Start school at 2, study urges
TheStar.com – news
Published On Tue Nov 22 2011. Laurie Monsebraaten and Kristin Rushowy, Staff Reporters
Every Canadian child should have access to publicly funded early childhood education starting at age 2 in their local school, says a new report based on an “avalanche of evidence” that shows how such programming can transform kids’ lives.
“Education is well-established and a well-valued system within our country, and it’s a place we feel it should be attached to, to build on,” said Margaret Norrie McCain, who co-authored the report with the late Dr. Fraser Mustard and Kerry McCuaig.
“We need to think of building education downward, but at the same time not ‘schoolifying’ kids but stimulating kids” through optional, play-based programs.
While the federal government ended the national child care plan in 2007, that hasn’t stopped the provinces from making progress “by stealth,” says McCuaig.
The Early Years Study 3 was obtained by the Star in advance of its Tuesday release. In an exclusive interview in October, Mustard, who died last week, said the recommendations should be easy for Ontario, which is already implementing full-day kindergarten for 4- and 5-year-olds.
“I would come down to 3-year-olds, then 2-year-olds and 1-year-olds,” he said.
“I’d move right down, and I’d pay (early childhood educators) well, and if you are telling me we don’t have the money, I’d make the point that the risk for physical and mental health problems is actually set in early development.”
Rather than starting a whole new program from scratch, the report argues that schools should also “become the centre of the community for families with supports and programs from pregnancy on.”
Despite the cancellation of a fledgling federal program in 2007 and Ottawa’s refusal to put up any new money, the number of child care spaces across Canada has grown by more than 20 per cent.
Half of all children regularly attend regulated child care centres or school-based kindergarten and preschool programs and most provinces could provide universal access with staged prudent investments, the report says.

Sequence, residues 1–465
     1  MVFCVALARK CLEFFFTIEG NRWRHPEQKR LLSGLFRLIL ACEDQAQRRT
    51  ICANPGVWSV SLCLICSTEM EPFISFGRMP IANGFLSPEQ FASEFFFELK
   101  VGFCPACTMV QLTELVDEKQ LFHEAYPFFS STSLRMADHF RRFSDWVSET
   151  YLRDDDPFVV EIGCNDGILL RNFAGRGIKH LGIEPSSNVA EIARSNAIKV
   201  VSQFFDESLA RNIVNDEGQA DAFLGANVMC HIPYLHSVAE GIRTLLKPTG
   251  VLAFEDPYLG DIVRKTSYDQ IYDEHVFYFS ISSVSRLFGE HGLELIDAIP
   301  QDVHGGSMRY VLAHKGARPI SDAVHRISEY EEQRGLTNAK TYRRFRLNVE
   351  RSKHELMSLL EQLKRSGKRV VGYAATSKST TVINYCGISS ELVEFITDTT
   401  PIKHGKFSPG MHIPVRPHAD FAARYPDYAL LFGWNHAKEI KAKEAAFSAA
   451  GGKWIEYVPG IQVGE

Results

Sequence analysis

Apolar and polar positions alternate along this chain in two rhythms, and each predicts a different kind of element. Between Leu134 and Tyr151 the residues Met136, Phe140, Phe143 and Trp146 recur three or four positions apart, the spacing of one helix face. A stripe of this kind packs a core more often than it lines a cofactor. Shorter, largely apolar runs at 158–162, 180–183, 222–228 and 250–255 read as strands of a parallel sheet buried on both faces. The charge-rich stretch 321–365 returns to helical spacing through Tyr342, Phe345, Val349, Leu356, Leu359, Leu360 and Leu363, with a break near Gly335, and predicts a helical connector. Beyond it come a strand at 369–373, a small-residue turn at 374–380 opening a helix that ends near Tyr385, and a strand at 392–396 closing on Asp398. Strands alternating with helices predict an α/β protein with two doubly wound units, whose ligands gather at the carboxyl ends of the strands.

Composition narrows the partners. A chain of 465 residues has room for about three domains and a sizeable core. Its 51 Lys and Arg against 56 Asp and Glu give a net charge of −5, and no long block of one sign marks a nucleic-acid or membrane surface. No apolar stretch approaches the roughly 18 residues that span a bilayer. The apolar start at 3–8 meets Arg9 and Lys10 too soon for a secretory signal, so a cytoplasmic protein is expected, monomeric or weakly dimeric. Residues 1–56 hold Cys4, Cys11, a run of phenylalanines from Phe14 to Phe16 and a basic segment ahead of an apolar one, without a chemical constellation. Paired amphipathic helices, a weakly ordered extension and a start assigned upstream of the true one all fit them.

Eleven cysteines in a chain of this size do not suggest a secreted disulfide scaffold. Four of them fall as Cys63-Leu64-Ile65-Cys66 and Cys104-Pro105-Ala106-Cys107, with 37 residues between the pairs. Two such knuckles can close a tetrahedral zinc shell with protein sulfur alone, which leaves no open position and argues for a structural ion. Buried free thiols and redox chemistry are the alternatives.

“You could say we are already halfway there!” it adds.
More children are involved in early childhood education than ever before, says the report, noting 66 per cent of mothers with young children are in the workforce.
However, the split between oversight and delivery still requires too many parents to piece together arrangements to cover their work schedules, it says.
Provinces have embraced the overwhelming social, economic and scientific evidence favouring investments in early-childhood education and are steaming ahead with plans and programs, says the report.
McCain said “the message echoes from one coast to the other,” adding that “if the federal government jumped on board, Canada would be ready to explode in this area and be a model for the world, certainly for North America.”
Instead, between the end of parental leave and the beginning of school, working parents across the country are abandoned to a patchwork of often costly and low-quality care for their children.
That’s when “supports break down and public policy is confused about what to do,” says the report. “Ensuring that all young children enjoy the best preschool that we can devise is Canada’s unfinished business.”
One example the report cites is Toronto’s Bruce Junior Public School, which was slated to close but instead turned into a pilot project showcasing how parenting centres, child care and kindergarten could be combined under one roof and be cost-effective.
The Bruce experience, along with other similar examples across the country, convinced Mustard and McCain that schools should become the community hubs they recommend.
“We need to turn our family policy junkyard into a human development system,” the report says.
“By viewing the school as a family centre not only for students during the school day, but also for families during non-school hours, we can have an early childhood system that responds to the new Canadian mother and her children, as well as the expectant mother, the at-home father and dual-income professionals and their children.”
Early learning progress
In the absence of any comparable national data about the quality of early childhood education, the study’s co-authors have created a new index that rates provinces against five standards. Three provinces — Quebec, PEI and Manitoba — received a passing grade. Ontario was ranked fourth. It will be updated every few years.
Nationally, the report notes:
• Participation in early childhood education has more than doubled, from 20 per cent of kids in 2004 to 52 per cent of kids today
• Federal/provincial child care spending has doubled from $2.4 billion in 2004 to $4.5 billion today (covering children up to age 12)
• Spending on kindergarten has tripled from $1 billion to $3 billion today
• Since the last Early Years Study in 2007, the number of provinces offering full-day kindergarten has jumped from three to six
• All provinces are planning or have implemented specialized early childhood education curricula and four provinces have a single ministry overseeing both child care and education
Source: Early Years Study 3
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